Florida CFO: Why Aren’t Florida Property Rates Falling Along with Reinsurance?

By Michael Adams | August 9, 2013

Florida’s top financial officer is questioning regulators on why reports of significantly lower reinsurance costs worldwide are not translating into reduced premiums for homeowners around the state.

Chief Financial Officer Jeff Atwater in a letter this week to Insurance Commissioner Kevin McCarty questioned why after a decade of rising homeowners premiums due primarily to rising reinsurance costs, those premiums are not being reduced due to a corresponding drop in reinsurance expenses.

Atwater cited an Insurance Insider poll of brokers and catastrophic reinsurance underwriters that found a consensus emerge that reinsurance rates are down on average by some 15 percent to 20 percent.

As a result, wrote Atwater, Florida residents should see some premium relief after a decade where insurers argued for the need for higher rates based on rising insurance costs.

“If insurance companies can justifiably raise rates on Florida families because the reinsurance market drives the cost up, they can certainly lower the cost for Florida families when reinsurance prices fall,” said Atwater.

Atwater wrote that “Floridians not only deserve an explanation for why they have not seen any savings to date, they also deserve to quickly begin seeing property insurance savings in their bills.”

Office of Insurance Regulation Spokesperson Amy Bogner said McCarty has received Atwater’s letter and is in the process of formulating a response.

[On Monday, Aug. 12. McCarty responded to Atwater in a letter explaining the relationship between reinsurance costs and homeowners insurance premiums.]

Florida Hurricane Catastrophe Fund Executive Officer Jack Nicholson said from his perspective reinsurance prices have declined driven by new sources of capital, most notably from large pension funds. Nicholson said that pension funds are viewing the reinsurance market as a place to diversify their holdings, meaning they are willing to accept a lower rate of return on their investment than other traditional investors.

Those lower reinsurance rates were one reason that state lawmakers earlier this year discussed lowering the Cat Fund’s annual $17 billion financial obligation to the market so that it would be less dependent on issuing bonds to raise money.

“The argument was that Cat Fund rates could go up, but since private rates were down, you could take $1 billion or $2 billion off the top of fund’s obligations and the costs would be offset,” said Nicholson.

While lawmakers eventually decided to make no changes in the Cat Fund citing the potential for any increase in rates, the issue of reinsurance costs has not gone away.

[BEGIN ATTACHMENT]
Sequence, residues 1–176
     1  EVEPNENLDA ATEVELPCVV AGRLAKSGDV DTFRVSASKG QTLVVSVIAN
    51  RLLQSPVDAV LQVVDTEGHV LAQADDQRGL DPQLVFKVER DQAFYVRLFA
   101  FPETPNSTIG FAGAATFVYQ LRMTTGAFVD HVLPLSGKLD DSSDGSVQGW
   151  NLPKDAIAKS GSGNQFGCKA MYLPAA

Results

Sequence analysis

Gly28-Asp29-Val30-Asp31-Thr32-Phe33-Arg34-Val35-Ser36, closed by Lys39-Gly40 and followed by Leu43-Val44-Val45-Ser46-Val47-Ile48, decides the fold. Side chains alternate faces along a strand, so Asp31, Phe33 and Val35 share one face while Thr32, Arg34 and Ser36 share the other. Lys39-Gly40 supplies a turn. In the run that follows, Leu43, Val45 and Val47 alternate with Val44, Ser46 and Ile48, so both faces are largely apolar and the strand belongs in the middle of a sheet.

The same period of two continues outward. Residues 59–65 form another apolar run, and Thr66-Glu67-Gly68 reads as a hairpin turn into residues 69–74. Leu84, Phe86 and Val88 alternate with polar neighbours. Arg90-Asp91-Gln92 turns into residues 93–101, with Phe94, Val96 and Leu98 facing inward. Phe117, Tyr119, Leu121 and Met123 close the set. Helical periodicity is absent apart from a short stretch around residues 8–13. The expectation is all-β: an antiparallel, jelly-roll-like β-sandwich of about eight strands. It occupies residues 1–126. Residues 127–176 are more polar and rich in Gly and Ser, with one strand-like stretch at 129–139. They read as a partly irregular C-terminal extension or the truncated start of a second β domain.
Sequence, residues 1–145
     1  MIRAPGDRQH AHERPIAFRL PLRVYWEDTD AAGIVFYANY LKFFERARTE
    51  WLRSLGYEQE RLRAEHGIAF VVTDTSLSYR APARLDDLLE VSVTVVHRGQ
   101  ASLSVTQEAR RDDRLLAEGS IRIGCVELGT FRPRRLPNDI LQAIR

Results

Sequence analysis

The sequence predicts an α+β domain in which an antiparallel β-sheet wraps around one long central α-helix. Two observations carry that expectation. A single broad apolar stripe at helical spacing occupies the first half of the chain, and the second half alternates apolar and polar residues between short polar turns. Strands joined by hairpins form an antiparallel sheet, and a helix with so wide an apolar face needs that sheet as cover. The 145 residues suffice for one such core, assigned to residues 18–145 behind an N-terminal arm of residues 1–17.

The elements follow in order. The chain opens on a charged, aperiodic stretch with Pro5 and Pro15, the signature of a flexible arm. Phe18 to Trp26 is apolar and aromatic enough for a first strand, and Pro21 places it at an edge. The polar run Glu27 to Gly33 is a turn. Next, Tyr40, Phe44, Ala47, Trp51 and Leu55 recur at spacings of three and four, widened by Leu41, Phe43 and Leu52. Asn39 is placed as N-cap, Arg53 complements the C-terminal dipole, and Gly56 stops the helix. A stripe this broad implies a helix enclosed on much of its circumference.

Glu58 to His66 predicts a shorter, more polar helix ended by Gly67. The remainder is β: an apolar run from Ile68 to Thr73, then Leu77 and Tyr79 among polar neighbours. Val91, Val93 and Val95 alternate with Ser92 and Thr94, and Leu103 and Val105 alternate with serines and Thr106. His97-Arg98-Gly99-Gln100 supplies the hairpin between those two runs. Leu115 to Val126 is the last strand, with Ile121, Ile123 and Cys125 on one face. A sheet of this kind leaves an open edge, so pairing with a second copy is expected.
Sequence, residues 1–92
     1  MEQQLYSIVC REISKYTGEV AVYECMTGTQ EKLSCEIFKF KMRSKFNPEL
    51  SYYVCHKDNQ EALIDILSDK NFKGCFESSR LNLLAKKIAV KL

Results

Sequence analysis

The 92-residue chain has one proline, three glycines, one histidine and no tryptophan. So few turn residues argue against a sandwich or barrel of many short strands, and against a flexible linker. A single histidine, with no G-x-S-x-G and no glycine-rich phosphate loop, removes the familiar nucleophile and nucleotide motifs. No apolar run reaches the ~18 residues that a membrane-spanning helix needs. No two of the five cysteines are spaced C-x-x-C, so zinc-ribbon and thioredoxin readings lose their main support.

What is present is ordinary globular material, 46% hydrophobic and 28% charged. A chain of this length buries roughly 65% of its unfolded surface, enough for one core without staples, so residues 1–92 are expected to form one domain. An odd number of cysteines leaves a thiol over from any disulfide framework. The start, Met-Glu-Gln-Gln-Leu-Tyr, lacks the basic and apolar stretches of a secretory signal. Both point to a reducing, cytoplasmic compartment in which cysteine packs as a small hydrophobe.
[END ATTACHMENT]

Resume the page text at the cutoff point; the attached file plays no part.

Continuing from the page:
Rep. Ray Rodrigues (R-Fort Myers) last month also questioned McCarty as to why homeowner rates have continued to increase despite lower reinsurance costs.

McCarty said that each property insurer is required to make an annual rate filing that includes a factor for reinsurance costs. McCarty, however, pointed out that there are many factors that go into each individual insurer’s reinsurance expenses beyond costs.

Under the state’s rating law, there is no set rule on how much reinsurance an insurer must purchase and at what costs. In fact, under the law, insurers can even purchase reinsurance coverage to insurer potential damages from a one-in-250 year storm. While insurers rarely would purchase that level of coverage, McCarty said there are other reasons insurers might purchase more reinsurance than needed.

For example, insurers might purchase more reinsurance to reinforce their overall financial strength rather than reduce rates.

Additionally, insurers seeking to earn or retain a score from a rating agency such as A.M. Best may be required to purchase additional reinsurance. Then there are other factors such as changes in computer models that might reveal the need for more reinsurance.

“We would anticipate a filing to reduce rates if the only thing that changed from last year is that their reinsurance costs are lower,” wrote McCarty. “This is not likely to be the case across the board, but may be true for some insurance companies who are actively competing for market share in some parts of the state.”

 

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Latest Comments

  • August 16, 2013 at 1:05 pm
    Libby says:
    I'm with you. I don't want cronyism to affect regulation. These should people elected by the people.
  • August 14, 2013 at 4:50 pm
    And on the other hand, Sarah says:
    There are those at the opposite end of the spectrum that think regulators should not be appointed.
  • August 14, 2013 at 9:45 am
    Sarah says:
    Exhibit A, why state insurance regulators should not be elected. They should be appointed by the Governor and politics should not come into play. This guy is looking forward t... read more
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